Audet, who served on her district’s reopening committee, fears Jeremiah, 13, will lose hard-fought gains if he continues remote instruction. He uses talk-to-text to write and an app called Immersive Reader to help him read, but many of his online learning platforms weren’t compatible with those programs. She favors a hybrid plan that would allow groups of students to attend on alternating days but would allow students with disabilities to attend full-time.
“It’s terrifying thinking of sending your child back,” Audet said. “But as a special education parent, it’s equally as terrifying thinking of not sending your child back and what are you doing that will affect your child’s future.”
Audet serves as a special education parent advocate for Stand for Children, an education organization that pushes for education equity and parent engagement. Many parents of students with disabilities lacked trust in their school systems before the pandemic, and this situation is stepping on that nerve, she said.
Districts can address those concerns by bringing conversations down to the school and classroom level and by holding open feedback sessions to show they are actually listening to parents, rather than reading information off of a Powerpoint slide, she said.
Hong, the Wellesley College professor, said the pandemic is making parents feel stressed and vulnerable. And, while those conditions may motivate some parents to speak up, others may face hurdles to doing so.
Undocumented parents may feel unsafe speaking at public meetings. Parents may have language barriers or work schedules that make it impossible for them to commit time to nascent advocacy efforts. Parents of special education students and other children who may feel marginalized at school may not believe their input is welcome.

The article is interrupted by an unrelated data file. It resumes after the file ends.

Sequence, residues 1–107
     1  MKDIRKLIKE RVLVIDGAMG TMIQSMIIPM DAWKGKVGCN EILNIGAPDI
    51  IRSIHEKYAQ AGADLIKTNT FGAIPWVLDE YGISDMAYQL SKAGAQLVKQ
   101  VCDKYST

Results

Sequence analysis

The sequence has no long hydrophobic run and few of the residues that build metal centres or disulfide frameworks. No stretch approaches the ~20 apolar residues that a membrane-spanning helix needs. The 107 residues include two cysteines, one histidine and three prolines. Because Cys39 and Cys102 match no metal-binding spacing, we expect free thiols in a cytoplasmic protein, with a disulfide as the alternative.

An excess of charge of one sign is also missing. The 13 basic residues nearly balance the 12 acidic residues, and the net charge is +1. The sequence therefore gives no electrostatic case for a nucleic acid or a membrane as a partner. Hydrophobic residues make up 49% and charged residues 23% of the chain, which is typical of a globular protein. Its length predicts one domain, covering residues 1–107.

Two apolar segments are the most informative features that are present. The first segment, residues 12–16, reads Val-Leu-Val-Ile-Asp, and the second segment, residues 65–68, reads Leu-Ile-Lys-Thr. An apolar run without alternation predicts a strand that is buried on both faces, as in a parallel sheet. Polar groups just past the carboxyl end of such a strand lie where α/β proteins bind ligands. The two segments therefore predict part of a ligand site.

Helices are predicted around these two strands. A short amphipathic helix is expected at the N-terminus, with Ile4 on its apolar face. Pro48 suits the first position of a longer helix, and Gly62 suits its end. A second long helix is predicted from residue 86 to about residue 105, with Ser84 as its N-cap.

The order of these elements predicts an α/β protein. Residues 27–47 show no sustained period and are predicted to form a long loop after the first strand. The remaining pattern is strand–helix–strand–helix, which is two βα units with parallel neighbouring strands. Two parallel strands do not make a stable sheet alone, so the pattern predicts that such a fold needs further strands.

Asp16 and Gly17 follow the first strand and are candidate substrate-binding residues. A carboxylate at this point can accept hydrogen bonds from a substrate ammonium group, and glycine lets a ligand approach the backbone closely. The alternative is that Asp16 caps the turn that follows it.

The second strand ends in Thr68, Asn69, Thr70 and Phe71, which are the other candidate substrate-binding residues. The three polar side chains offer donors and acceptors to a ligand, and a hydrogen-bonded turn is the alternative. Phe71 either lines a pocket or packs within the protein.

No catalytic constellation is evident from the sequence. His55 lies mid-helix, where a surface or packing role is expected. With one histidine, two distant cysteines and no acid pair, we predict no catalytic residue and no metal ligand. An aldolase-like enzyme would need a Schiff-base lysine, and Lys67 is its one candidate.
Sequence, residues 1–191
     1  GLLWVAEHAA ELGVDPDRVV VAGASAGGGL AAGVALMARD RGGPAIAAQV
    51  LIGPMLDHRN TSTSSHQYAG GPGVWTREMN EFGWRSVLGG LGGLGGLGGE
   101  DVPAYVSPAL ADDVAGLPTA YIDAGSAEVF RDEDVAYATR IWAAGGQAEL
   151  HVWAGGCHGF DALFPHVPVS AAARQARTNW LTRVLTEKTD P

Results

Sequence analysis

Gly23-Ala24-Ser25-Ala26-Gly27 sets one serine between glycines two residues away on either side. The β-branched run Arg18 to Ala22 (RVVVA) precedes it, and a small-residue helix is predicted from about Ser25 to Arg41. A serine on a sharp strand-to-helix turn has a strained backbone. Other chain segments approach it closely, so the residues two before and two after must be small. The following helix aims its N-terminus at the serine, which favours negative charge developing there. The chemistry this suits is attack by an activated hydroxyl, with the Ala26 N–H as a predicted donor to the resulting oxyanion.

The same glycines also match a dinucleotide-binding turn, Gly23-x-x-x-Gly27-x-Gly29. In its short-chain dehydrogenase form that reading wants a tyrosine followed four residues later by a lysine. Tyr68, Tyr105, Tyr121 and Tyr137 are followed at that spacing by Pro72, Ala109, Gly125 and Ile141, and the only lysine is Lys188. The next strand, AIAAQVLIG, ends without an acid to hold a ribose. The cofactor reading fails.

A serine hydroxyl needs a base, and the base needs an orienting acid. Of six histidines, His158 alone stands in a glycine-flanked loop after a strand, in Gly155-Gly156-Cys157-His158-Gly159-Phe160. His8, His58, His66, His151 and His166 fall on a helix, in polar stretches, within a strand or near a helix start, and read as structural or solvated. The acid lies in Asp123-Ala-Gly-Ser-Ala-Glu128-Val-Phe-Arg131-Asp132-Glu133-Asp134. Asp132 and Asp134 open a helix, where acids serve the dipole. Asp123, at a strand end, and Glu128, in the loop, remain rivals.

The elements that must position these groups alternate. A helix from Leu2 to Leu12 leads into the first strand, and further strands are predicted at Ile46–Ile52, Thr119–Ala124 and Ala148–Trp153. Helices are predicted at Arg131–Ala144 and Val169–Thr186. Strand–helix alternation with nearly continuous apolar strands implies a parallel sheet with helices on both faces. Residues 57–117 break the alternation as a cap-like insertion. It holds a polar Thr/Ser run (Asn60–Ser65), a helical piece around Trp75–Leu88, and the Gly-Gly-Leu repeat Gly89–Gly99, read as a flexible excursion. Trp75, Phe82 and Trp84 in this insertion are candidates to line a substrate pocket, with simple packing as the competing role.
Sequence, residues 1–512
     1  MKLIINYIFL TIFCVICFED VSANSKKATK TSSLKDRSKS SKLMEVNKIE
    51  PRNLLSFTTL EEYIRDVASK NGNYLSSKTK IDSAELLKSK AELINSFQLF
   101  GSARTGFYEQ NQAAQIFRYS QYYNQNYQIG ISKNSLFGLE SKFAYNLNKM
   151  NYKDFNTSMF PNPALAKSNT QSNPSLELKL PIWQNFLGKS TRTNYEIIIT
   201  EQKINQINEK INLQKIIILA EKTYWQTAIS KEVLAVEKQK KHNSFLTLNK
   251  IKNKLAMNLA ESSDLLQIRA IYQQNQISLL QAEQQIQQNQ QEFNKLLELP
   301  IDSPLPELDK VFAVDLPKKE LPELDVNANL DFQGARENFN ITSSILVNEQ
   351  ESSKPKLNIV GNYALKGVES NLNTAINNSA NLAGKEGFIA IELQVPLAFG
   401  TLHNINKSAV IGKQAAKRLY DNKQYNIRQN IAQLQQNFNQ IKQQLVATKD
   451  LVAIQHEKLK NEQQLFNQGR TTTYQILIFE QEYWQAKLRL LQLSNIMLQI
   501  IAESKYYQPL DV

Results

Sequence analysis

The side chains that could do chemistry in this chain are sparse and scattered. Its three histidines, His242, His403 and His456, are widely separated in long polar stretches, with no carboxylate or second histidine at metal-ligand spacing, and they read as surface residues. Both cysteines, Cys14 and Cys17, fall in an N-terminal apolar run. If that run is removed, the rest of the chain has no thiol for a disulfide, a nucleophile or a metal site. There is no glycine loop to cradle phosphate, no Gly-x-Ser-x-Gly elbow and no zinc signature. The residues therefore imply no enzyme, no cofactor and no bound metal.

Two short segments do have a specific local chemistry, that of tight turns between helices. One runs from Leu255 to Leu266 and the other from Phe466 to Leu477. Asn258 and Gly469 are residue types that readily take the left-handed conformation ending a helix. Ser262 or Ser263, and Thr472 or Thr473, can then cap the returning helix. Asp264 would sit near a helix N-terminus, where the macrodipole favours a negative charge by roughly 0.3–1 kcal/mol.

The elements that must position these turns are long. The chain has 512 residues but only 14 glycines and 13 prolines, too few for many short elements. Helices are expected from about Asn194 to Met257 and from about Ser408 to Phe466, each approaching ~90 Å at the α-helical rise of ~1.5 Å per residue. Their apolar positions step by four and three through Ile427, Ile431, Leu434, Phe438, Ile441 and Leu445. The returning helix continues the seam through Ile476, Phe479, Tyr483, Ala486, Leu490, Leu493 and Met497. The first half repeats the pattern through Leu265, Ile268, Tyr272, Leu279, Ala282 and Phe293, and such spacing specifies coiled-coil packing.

Districts should ensure they are listening to all parents, not just the most vocal ones, Hong said. That may mean engaging with community organizations they trust, holding online office hours to have open-ended discussions, or changing up meeting times to ask for feedback.
“This is such a sensitive issue because I think people feel that their children’s lives are on the line,” she said. “When the stakes are so high, you really want to know that people understand where you are coming from.”
Coverage of how parents work with educators, community leaders and policymakers to make informed decisions about their children’s education is supported by a grant from the Walton Family Foundation, at waltonk12.org. Education Week retains sole editorial control over the content of this coverage.